Remaining Positive in a Negative World

Remaining Positive in a Negative World

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Remaining positive in a negative world is an everyday challenge. It is not my natural tendency to awake in a happy, positive mood, excited for life. Remaining positive is a decision I must make each morning. I hope you will find value in the following list of peace and positivity building habits.  They continue to change my negative attitude to a positive attitude when I practice them.

Daily Habits to Increase Peace and Positivity

  • I say, out loud, “Today will be a good day!”
    • After getting out of bed, I escape to the solitude of porch with my coffee in hand. I have a brief talk with God, and I make the decision that today will be a good day. Almost always, I return from my porch much happier. 


  • I don’t read or watch the news, check social media or read emails first thing in the morning.
    • Considering most of the news is marketed based on “shock value” this is a setup; a recipe for negativity. I find most of the stories extremely negative and disturbing. I’m left feeling anxious, fearful and sad. First, I must center myself and decide today is going to be a good day. Then, if I must get my daily dose of bad news, I do it in the afternoon when my spirit is up, and I’m filled with gratitude. However, I do enjoy reading something in the morning, so I have six daily meditation books. They are scattered throughout the house, and on the porch. I read those, and am provided some positive reflection for the day. Negativity is contagious, don’t allow it to manifest.
  • I re-frame my thinking.
    • Reframing is a psychological technique where you dispute/change negative thoughts into positive thoughts. Reframing has completely changed my attitude on many occasions. For example: I no longer say, “I have to do laundry today”. I tell myself that “I get to do laundry today, in the comfort of my own home, so that my family may have clean clothes”. This is not a luxury afforded to all people, so for it, I am grateful. Next, I turn liabilities into assets.  For example: Instead of thinking that my ADHD is negatively affecting my ability to complete tasks. I remind myself that my ADHD positively allows me the ability to multi-task (like a boss), and to be a highly motivated individual. Regardless of what order I get the stuff done, it gets done. Lastly, I look at all my problems as opportunities to improve myself. How fabulous!
  • Practice mindful breathing.
    • Take several deep breathes, in through the nose and out through the mouth, and focus solely on your breathing at that present moment. Think of nothing but how you presently feel. If stress arises throughout the day, do this again. Remind yourself, no feeling last forever, and it will pass.


  • Make a short (or long) gratitude list.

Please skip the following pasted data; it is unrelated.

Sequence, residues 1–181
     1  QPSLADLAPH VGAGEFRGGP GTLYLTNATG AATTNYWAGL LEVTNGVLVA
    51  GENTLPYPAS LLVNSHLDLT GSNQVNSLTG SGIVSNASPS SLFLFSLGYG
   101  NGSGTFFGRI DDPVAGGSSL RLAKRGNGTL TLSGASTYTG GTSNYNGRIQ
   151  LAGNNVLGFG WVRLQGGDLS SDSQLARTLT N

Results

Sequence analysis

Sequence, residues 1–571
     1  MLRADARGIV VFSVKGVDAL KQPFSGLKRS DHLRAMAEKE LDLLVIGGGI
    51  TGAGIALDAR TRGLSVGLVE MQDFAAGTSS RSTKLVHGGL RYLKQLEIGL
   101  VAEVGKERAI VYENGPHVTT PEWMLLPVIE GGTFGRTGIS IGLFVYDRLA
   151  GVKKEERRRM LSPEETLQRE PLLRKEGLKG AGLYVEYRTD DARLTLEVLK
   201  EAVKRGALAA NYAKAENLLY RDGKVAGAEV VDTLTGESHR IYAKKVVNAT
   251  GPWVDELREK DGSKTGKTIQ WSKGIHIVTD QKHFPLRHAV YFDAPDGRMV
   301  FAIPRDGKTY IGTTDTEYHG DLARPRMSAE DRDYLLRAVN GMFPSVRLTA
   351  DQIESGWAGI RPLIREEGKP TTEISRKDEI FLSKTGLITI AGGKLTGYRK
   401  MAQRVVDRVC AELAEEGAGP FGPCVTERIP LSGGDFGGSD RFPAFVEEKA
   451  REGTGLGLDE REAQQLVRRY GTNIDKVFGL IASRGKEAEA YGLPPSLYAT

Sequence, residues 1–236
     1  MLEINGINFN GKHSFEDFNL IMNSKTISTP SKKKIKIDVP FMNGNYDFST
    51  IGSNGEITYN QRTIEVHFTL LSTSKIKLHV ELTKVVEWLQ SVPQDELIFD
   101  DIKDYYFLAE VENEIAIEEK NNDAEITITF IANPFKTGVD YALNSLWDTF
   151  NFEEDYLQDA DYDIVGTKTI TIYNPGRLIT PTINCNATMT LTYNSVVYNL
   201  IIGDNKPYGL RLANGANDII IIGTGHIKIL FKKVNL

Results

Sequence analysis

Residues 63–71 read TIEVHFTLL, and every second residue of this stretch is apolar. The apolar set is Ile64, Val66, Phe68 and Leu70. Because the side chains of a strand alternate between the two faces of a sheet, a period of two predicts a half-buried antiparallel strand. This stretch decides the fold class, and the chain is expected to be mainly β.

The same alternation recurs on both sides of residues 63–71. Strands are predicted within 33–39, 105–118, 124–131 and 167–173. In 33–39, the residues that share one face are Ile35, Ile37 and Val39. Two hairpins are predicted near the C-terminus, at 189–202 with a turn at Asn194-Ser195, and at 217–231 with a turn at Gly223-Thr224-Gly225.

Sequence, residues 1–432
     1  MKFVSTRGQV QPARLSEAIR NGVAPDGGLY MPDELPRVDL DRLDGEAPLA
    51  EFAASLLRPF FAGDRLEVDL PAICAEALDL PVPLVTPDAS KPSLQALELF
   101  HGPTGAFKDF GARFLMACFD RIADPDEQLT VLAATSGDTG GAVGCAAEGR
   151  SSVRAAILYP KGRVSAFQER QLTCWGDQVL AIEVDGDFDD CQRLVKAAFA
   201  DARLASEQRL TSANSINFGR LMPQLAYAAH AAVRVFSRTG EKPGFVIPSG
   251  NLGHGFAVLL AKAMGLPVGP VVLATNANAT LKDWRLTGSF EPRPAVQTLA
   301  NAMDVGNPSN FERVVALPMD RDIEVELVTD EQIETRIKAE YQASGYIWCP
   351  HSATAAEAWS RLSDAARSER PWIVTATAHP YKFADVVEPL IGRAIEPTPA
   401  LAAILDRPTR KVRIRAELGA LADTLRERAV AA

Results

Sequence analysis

• I jot down 5 things I am grateful for. This practice allows me to focus on the good in my life lest the bad. I find this especially helpful when Aunt Flo is in town, and I’m feeling increasingly homicidal (JK. I am totally kidding. lol) Also, I save my lists, so I can look back over the many things I should be grateful for, should I ever run out. (I have never ran out.)
  • I make TO-DO lists.
    • I find ToDo lists extremely helpful. Do not overwhelm yourself with a list of 25 outrageously ambitious goals. Goal setting should start small and remain realistic. Last year, I read an article in college that said: Most people fail at goals because they fail to plan, so make a list and cross it off as you go. At the end of the day, it is an incredible feeling of accomplishment as you admire all the things you’ve completed.
  • I surround myself with positive people.
    • Personally, I surround myself with upbeat, positive and like-minded people. My immediate circle is comprised of people whom I admire, people who add value to my life, and people who do good for themselves and others. Most importantly, these people build me up, and don’t tear me down. This includes family members who love to call and talk sh*t to anyone who will listen. I won’t do it. I won’t have it in my life, and I have made this clear. This is called, setting boundaries. I let friends and family know what I will or will not tolerate. They know if they’re looking to gossip, I’m the wrong person to call.
  • I practice unconditional self-acceptance.
    • I tell myself that I have worth, and that I am a good person. I don’t hate on myself in the mirror. When I make a mistake, I gently remind myself of my humanness. I do not put myself down. Repetition becomes habit, so soon enough, you will begin to believe the things you tell yourself.

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